18. The migrant crisis and refugee situation in Europe took up much of the Parliamentary Assembly’s 2016 session. The President of the Assembly also launched a new initiative with the hash tag #NoHateNoFear, mentioned in thousands of tweets. 2016 was also a busy election year at international level, with the Assembly observing presidential and legislative elections in 11 member and non-member States. Lastly, the Assembly awarded its Václav Havel Human Rights Prize to Ms Nadia Murad, a young Yezidi woman from the north of Iraq.
19. The Assembly’s co-operation activities gathered pace in 2016 thanks to the €751 000 in voluntary contributions that it received for all of its work (including €250 000 for action plans in Bosnia and Herzegovina and Albania). These funds made it possible to hold over 20 themed seminars or parliamentary conferences on top of the regular meetings of parliamentary networks (sexual violence against children, violence against women, and parliamentary alliance against hate). We should take this opportunity to thank the member States and institutions that provide regular support for the Assembly’s co-operation activities.

5 Priorities for 2018-2019

20. In his speech to the Assembly on 24 January 2017 entitled “Understanding populism and defending European democracies”, the Secretary General of the Council of Europe, Mr Thorbjørn Jagland, identified three priority challenges which the Council of Europe must take up:
  • respond to the populist threat, by giving European citizens effective parliaments, vibrant and plural media, courts in which they can trust, a civil society that offers them the means to act, and, what is key, social rights in the fields of employment, health care and education, all within inclusive societies;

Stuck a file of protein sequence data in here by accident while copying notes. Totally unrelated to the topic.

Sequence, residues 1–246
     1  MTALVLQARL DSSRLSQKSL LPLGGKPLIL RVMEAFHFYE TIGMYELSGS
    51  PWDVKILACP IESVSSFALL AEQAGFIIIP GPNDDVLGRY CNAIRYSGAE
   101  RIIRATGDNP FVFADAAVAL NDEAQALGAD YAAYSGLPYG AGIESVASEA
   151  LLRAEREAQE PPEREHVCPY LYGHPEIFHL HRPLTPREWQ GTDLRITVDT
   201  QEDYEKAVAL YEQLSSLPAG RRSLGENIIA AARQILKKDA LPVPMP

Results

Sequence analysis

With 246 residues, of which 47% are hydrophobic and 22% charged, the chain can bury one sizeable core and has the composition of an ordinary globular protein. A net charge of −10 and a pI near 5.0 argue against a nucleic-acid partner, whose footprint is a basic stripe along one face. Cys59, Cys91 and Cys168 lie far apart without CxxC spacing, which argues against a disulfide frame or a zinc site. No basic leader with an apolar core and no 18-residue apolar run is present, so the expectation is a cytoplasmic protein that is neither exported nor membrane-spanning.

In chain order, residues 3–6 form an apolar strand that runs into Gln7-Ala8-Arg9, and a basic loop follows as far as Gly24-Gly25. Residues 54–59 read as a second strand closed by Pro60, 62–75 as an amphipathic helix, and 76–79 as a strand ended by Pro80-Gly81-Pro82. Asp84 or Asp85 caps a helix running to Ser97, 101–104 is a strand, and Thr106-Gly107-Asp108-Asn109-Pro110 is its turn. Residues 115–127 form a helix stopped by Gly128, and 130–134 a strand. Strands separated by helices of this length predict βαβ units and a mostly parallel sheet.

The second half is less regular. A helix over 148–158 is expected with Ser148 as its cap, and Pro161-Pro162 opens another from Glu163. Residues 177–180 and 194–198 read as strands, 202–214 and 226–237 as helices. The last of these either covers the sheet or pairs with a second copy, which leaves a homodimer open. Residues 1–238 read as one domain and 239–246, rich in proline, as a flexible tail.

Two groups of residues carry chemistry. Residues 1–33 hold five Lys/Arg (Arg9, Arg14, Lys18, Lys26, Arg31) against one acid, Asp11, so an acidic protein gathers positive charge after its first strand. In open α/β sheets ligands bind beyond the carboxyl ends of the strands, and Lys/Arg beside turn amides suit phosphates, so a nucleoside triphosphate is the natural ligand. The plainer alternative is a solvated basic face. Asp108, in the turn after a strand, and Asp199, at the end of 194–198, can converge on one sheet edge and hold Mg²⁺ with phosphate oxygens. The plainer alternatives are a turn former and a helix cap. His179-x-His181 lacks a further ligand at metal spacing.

• protect the rights of migrants and refugees through action by all Council of Europe bodies. In this connection, it is regrettable that the Council of Europe no longer has an intergovernmental committee responsible for these issues;
  • combat terrorism by focusing initiatives on its funding, particularly through trafficking of cultural artefacts, which the Secretary General denounces as a trade in “blood antiquities”.
21. All of our activities must moreover go hand in hand with the creation of a coherent Europe-wide system of human rights protection and reinforced co-operation with member States to combat terrorism, while ensuring that they do not adopt measures which conflict with the principles of the European Convention on Human Rights and the case law of the Court.
22. To provide a response to the challenges mentioned by the Secretary General, the Council of Europe will also have to develop its work in the field of social rights, the aim being to combat ever-widening social and economic inequalities in Europe. The programme of activities of the next biennium must reflect this priority. In this connection, the Council of Europe should support all initiatives aimed at making the European Social Charter the foundation underlying the European Union’s social pillar, so as to help build a more harmonised, social and inclusive Europe.